How a CRP Test Can Help You Avoid Heart Disease
Posted 7/10/2018 by UHBlog
A CRP test for inflammation can indicate if you or your employees are at risk for coronary artery disease and other devastating health problems. Talk to us about lifestyle changes at home and in the workplace that can improve overall health.
Your LDL or “bad” cholesterol levels may not be all you need to know about your heart disease risk. Depending on your individual risk factors, many physicians also may test your level of C-reactive protein (CRP).
CRP is a type of protein the liver produces when there is infection or inflammation in the body, says internal medicine specialist Roy Buchinsky, MD.
“Since inflammation may indicate the buildup of fatty, cholesterol-rich plaque in the inner walls of the arteries, a high-sensitivity CRP test, which is called an hs-CRP, is a good predictor of heart disease,” he says.
Blocked or extremely narrowed arteries leading to the heart can cause serious cardiovascular problems, he says.
“Identifying at-risk patients as early as possible is important for effective treatment of any disease,” Dr. Buchinsky says. “In many cases, the CRP test allows us to do that.
Normal LDL and Heart Disease
Many people have normal LDL levels, yet still develop coronary heart disease, Dr. Buchinsky says.
LDL cholesterol contributes to fatty buildups in arteries, called atherosclerosis, and raises the risk for heart attack, stroke and narrowed arteries in the legs, a condition called peripheral artery disease (PAD).
“Even if LDL levels are within the normal range, if I see a patient with other risk factors – like a family history of heart disease, obesity, high blood pressure, diabetes, lack of activity or smoking – I will dig deeper and order an hs-CRP blood test,” he says. “We need to know if there is an excessive amount of chronic inflammation in the body and how to reduce inflammation levels quickly.”
When to Get a CRP Test
Based on their risk factors for coronary artery disease, Dr. Buchinsky recommends men get the hs-CRP test at age 45 and women by age 55.This test is part of a routine blood analysis.
Since early diagnosis of health issues helps to ensure the health and well-being of a company's valuable employees, most employer insurance plans will pay for this test.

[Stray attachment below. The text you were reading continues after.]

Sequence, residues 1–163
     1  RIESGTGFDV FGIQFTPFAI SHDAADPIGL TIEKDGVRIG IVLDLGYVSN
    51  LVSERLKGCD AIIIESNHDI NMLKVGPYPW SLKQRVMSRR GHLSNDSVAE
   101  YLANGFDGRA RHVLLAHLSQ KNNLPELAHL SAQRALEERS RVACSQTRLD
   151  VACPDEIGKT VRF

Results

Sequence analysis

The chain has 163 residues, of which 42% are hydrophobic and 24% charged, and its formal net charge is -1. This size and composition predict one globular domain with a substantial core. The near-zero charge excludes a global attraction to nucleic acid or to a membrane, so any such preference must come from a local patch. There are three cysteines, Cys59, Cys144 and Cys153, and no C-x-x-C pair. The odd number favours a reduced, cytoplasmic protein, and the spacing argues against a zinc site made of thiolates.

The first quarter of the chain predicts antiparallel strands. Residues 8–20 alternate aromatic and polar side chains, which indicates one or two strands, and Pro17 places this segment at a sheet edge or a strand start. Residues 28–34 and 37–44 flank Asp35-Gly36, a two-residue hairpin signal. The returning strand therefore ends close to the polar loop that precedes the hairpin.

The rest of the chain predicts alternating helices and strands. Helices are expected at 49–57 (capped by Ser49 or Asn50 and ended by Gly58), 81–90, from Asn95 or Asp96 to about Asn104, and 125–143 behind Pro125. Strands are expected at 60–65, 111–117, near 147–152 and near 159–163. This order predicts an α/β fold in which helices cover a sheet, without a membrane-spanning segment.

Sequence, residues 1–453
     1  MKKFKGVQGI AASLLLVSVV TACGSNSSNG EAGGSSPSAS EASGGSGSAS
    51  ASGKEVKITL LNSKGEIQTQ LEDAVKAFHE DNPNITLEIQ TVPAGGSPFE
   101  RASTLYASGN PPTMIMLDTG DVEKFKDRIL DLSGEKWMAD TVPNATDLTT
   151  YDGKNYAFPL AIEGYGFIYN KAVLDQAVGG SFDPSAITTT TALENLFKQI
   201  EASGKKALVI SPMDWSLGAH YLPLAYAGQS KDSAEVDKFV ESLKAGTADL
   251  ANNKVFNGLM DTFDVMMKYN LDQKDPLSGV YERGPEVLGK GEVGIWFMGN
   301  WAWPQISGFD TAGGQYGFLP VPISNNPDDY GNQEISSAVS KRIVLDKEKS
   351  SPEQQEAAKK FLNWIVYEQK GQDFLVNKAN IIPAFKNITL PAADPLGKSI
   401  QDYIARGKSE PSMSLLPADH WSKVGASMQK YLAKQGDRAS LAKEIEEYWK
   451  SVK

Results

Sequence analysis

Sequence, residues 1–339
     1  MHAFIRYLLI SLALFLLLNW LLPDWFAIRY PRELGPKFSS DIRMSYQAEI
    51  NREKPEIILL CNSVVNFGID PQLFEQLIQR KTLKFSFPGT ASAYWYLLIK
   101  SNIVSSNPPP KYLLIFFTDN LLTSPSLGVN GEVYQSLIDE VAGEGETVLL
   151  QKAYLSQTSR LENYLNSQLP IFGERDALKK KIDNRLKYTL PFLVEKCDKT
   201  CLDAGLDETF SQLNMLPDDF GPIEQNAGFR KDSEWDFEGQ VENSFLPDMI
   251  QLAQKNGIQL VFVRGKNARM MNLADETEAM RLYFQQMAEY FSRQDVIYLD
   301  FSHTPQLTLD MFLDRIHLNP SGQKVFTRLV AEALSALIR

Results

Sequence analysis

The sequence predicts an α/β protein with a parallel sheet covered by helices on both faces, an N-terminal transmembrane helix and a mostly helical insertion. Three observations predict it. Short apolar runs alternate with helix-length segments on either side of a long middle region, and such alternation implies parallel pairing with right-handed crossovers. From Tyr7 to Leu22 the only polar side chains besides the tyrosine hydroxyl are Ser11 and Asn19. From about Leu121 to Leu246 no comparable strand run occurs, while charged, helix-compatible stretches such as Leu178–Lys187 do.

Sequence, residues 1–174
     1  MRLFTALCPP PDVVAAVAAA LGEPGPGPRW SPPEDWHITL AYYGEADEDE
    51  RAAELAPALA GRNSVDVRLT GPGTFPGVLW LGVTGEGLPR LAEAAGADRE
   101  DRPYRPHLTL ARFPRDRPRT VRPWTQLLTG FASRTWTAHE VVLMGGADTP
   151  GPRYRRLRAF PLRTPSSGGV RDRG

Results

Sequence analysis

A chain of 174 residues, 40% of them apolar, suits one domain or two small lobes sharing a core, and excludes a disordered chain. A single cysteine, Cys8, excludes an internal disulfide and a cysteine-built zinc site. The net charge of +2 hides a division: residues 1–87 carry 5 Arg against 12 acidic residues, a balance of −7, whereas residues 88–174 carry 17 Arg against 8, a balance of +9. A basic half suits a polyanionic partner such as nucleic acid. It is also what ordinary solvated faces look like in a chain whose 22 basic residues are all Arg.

High CRP levels also can indicate rheumatoid arthritis, inflammatory bowel disease, urinary tract infections, fever, cancer, diabetes and periodontal disease.
“Any time a CRP test shows elevated inflammation in the body, we run the test twice to rule out other heath issues,” Dr. Buchinsky says.
How to Lower CRP Levels
The good news is that statin drugs, baby aspirin and lifestyle changes can lower CRP levels and reduce a person’s risk for cardiovascular disease and other medical problems.
“Fortunately, simple lifestyle changes like proper diet, exercise and smoking cessation can help prevent life-endangering degenerative diseases down the road,” Dr. Buchinsky says. “Proactive prevention is the best intervention.”
The lifestyle changes Dr. Buchinsky recommends to naturally lower excess CRP levels and heart disease risk include:
- Stop smoking. Quitting smoking is the single most important step to improve the length and quality of your life.
- Eat a healthy diet. A Mediterranean-style diet rich in fruits, vegetables, whole grains, nuts and olive oil can lower inflammation. Also, avoid eating calorie rich and processed foods.
- Exercise. Maintain a 30- to 45-minute routine of steady exercise, such as brisk walking, swimming or biking. Research indicates that as fitness levels decline, CRP levels rise.
- Whittle your waist. Carrying excess fat around your middle can cause inflammation. The ideal waist measurement is less than half a person’s height. A man 72 inches tall should have a waist less than 36 inches.
- Get enough sleep. Seven to eight hours of shut-eye a night is best.
- Reduce stress. High levels of stress hormones lead to release of excessive inflammatory chemicals. Try deep breathing, meditation or long walks.
Roy Buchinsky, MD is an internal medicine specialist and the director of wellness at University Hospitals Cleveland Medical Center. You can request an appointment with Dr. Buchinsky or any other doctor online.